# For which positive real numbers a does the series converge

by .d9n.
Tags: converge, numbers, positive, real, series
 P: 61 1. The problem statement, all variables and given/known data For which positive real numbers a does the series Ʃo→∞ a^log(n) converge. Here logarithms are to the base e 2. Relevant equations Im afraid I'm not sure where to start, I'm not sure which topics would be applicable to this question. If someone could point me in the right direction or give me a clue, it would be much appreciated. tthanks 3. The attempt at a solution
 P: 61 Is it possibly between -1 and 1? As log(n) will keep getting larger as n does. So if a<-1 and a>1 then it will keep increasing in size so therefore it must be -1<=a=<1? If this is right how would I go about proving it?
 P: 61 thanks i'll have a look at that
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P: 7,404

## For which positive real numbers a does the series converge

 Quote by .d9n. 1. The problem statement, all variables and given/known data For which positive real numbers a does the series Ʃo→∞ a^log(n) converge. Here logarithms are to the base e 2. Relevant equations Im afraid I'm not sure where to start, I'm not sure which topics would be applicable to this question. If someone could point me in the right direction or give me a clue, it would be much appreciated. tthanks 3. The attempt at a solution
Hello .d9n. . Welcome to PF !

Write a as elog(a). Then using properties of logarithms you can show that this is a geometric series.

BTW: The summation needs to be from 1 to ∞ . log(0) is undefined.
 P: 61 so you mean sum 1 to infinity e^(log(a))^(log(n)) I'm not sure what property i am trying to find. is there any need to change log(n) to the integral from 1 to n of 1/x? Or is there something to simplify log(a)^log(n). Otherwise i don't see the benefit of changing a to e^log(a). thanks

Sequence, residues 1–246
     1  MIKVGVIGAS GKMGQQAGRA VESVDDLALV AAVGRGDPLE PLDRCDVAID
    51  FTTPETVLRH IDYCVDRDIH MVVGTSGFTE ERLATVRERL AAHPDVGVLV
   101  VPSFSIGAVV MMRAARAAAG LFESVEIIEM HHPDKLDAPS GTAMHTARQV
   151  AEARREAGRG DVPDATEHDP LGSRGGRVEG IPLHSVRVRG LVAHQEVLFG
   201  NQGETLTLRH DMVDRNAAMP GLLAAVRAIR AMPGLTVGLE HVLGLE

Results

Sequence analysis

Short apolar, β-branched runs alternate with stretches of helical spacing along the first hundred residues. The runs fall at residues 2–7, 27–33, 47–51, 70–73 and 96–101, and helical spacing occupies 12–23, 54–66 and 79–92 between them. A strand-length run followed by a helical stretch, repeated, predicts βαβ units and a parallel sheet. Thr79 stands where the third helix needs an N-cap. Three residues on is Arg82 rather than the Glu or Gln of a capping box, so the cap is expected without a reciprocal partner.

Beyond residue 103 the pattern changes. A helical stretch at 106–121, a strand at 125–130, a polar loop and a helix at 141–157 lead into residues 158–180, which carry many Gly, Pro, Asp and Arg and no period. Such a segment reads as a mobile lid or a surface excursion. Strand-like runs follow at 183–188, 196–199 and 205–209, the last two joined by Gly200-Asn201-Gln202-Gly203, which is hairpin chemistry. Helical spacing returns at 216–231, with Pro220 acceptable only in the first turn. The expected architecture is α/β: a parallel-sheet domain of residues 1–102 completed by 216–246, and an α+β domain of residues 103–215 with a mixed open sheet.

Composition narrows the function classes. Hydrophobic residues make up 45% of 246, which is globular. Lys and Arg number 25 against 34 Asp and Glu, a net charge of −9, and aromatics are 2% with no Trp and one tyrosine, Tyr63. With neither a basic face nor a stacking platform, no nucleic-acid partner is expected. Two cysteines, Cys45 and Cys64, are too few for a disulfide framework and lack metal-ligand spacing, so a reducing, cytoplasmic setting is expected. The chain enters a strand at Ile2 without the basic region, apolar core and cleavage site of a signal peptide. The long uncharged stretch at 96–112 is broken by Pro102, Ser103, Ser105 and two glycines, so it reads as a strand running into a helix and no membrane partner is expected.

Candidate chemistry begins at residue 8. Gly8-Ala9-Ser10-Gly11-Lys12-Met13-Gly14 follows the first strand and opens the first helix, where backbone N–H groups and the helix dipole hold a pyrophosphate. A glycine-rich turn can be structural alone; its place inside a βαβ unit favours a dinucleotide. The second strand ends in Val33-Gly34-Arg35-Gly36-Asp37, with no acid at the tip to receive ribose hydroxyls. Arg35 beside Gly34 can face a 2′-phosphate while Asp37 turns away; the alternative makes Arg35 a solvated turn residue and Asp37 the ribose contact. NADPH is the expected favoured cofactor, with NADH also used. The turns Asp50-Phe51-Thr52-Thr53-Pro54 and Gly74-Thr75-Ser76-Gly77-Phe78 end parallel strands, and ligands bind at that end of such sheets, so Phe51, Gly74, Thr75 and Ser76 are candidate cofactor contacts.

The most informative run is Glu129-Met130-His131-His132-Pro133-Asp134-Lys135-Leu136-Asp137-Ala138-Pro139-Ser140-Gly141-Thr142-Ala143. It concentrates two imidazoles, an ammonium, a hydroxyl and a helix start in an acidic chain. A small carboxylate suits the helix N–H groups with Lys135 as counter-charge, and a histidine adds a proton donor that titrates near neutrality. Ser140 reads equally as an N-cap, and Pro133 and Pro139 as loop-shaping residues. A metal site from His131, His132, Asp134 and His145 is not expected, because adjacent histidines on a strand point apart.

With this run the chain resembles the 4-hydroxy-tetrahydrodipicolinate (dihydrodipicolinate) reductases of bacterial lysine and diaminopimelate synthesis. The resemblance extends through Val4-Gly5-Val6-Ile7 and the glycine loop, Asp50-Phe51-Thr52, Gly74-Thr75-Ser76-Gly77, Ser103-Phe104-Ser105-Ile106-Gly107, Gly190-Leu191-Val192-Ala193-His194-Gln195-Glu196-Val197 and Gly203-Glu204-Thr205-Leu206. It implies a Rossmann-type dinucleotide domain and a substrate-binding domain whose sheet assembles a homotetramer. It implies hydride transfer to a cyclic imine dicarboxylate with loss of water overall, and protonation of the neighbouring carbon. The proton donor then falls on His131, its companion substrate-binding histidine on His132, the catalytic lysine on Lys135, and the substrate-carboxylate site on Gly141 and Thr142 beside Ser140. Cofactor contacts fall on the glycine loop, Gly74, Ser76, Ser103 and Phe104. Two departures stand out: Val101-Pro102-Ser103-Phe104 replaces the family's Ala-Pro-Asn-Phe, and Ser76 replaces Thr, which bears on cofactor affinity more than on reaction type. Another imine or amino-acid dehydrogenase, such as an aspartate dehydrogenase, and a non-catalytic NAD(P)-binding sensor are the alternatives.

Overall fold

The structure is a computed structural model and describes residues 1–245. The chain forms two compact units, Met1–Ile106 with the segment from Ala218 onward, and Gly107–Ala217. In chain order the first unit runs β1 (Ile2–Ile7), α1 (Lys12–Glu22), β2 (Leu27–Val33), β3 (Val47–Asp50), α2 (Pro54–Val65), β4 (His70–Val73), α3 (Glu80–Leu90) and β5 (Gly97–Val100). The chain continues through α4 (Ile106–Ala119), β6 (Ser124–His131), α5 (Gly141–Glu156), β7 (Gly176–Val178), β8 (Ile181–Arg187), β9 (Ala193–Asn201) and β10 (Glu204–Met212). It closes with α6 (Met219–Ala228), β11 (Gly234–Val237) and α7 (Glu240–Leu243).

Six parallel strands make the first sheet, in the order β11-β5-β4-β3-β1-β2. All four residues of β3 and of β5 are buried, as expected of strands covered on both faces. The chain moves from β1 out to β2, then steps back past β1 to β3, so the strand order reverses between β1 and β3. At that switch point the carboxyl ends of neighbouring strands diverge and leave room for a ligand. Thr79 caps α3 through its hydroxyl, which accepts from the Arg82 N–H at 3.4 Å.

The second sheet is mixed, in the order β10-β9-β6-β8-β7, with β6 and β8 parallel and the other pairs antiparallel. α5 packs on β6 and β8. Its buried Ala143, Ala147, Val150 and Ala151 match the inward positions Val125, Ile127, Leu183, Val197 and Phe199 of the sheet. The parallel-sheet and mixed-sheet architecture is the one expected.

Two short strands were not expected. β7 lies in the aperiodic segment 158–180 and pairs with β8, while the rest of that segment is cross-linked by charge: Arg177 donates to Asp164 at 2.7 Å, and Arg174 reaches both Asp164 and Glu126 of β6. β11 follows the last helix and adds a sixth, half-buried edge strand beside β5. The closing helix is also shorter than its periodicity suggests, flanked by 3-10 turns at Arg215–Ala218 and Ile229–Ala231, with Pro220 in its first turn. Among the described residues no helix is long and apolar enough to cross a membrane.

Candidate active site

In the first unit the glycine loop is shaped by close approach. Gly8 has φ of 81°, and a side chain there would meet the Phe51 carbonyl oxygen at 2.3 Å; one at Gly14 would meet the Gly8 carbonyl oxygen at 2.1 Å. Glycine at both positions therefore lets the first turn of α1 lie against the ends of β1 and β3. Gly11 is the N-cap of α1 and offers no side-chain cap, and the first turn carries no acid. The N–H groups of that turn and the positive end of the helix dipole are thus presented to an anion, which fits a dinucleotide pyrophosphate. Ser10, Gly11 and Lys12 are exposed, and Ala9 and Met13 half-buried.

P: 61 is it sum 1 to infinity of e^log(a^n)= sum 1 to infinity of a^n? or is that just rubbish?
 Emeritus Sci Advisor HW Helper PF Gold P: 7,404 Perhaps I should have said properties of exponents and logarithms. $\displaystyle \left(b^k\right)^t=b^{kt}=\left(b^t\right)^k$
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Thanks
P: 25,171
 Quote by .d9n. is it sum 1 to infinity of e^log(a^n)= sum 1 to infinity of a^n? or is that just rubbish?
 P: 61 Thanks so i am left with sum 1 to infinity n^(log (a)) correct? In regards to it converging im assuming a must be between 1 and 9 for this to converge as log1=0 and log9=0.954..., bigger than 9 then it wont converge but increase exponentially?
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Thanks
P: 25,171
 Quote by .d9n. Thanks so i am left with sum 1 to infinity n^(log (a)) correct? In regards to it converging im assuming a must be between 1 and 9 for this to converge as log1=0 and log9=0.954..., bigger than 9 then it wont converge but increase exponentially?
You aren't thinking very clearly about this. If a=1 then log(1)=0 and the series is n^0=1. I.e. 1+1+1+... That does not converge. Try some more values. Don't forget values of a<1. You should start to realize this is a p-series. And usually when you write log, without indicating a base then you assume the base is 'e'.
 Emeritus Sci Advisor HW Helper PF Gold P: 7,404 $\displaystyle\sum_{n=1}^\infty\ n^{p}$ converges for what values of p ?
 P: 61 so ∑n=1,∞ n^p converges when -1
 P: 61 so therefore a=-9,-8,-7,-6,-5,-4,-3,-2,2,3,4,5,6,7,8,9?
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Thanks
P: 25,171
 Quote by .d9n. so ∑n=1,∞ n^p converges when -1
No, that doesn't sound correct.
 P: 61 is it nearly correct? i dont think it will converge if bigger than 1 or -1 as it will increase exponentially, so it must be between them?
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P: 7,404
 Quote by .d9n. so ∑n=1,∞ n^p converges when -1
No.

Perhaps it's more familiar to you in the following form.

For what value of r, will the following converge?

$\displaystyle\sum_{n=1}^\infty\ \frac{1}{\ n^r}$
 P: 61 does it converge if p<-1
 P: 61 so it converges when r>1?

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